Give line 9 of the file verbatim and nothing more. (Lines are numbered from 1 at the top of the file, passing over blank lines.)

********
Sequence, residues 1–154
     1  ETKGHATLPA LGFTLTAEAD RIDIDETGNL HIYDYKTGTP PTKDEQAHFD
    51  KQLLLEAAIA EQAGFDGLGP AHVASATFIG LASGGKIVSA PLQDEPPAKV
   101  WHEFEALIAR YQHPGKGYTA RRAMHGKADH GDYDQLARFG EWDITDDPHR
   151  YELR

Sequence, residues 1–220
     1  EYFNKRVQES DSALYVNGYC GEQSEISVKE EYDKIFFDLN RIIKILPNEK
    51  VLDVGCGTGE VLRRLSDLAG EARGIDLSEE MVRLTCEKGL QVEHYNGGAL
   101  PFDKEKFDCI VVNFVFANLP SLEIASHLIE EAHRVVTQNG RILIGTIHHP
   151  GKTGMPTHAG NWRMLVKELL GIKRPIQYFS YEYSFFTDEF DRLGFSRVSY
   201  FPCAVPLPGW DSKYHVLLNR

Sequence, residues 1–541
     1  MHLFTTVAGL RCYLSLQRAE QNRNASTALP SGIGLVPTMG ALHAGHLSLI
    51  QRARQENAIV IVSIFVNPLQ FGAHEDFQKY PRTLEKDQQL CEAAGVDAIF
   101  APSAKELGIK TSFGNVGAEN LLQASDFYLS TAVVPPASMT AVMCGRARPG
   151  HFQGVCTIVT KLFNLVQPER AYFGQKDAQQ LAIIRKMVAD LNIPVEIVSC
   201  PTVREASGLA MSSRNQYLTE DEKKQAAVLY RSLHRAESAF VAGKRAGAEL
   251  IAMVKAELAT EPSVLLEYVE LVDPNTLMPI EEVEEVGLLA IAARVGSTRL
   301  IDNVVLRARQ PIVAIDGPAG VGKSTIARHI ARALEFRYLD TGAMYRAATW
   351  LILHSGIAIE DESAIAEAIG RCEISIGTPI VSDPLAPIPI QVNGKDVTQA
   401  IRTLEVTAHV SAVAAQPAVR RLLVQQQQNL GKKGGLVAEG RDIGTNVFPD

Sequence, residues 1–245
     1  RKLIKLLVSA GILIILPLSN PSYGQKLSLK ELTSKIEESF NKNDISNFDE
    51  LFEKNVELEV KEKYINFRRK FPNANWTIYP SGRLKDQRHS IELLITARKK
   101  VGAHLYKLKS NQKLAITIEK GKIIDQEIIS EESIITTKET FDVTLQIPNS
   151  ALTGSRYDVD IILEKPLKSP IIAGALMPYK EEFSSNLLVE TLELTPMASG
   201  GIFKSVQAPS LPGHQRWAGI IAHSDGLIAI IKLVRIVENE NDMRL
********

   101  PFDKEKFDCI VVNFVFANLP SLEIASHLIE EAHRVVTQNG RILIGTIHHP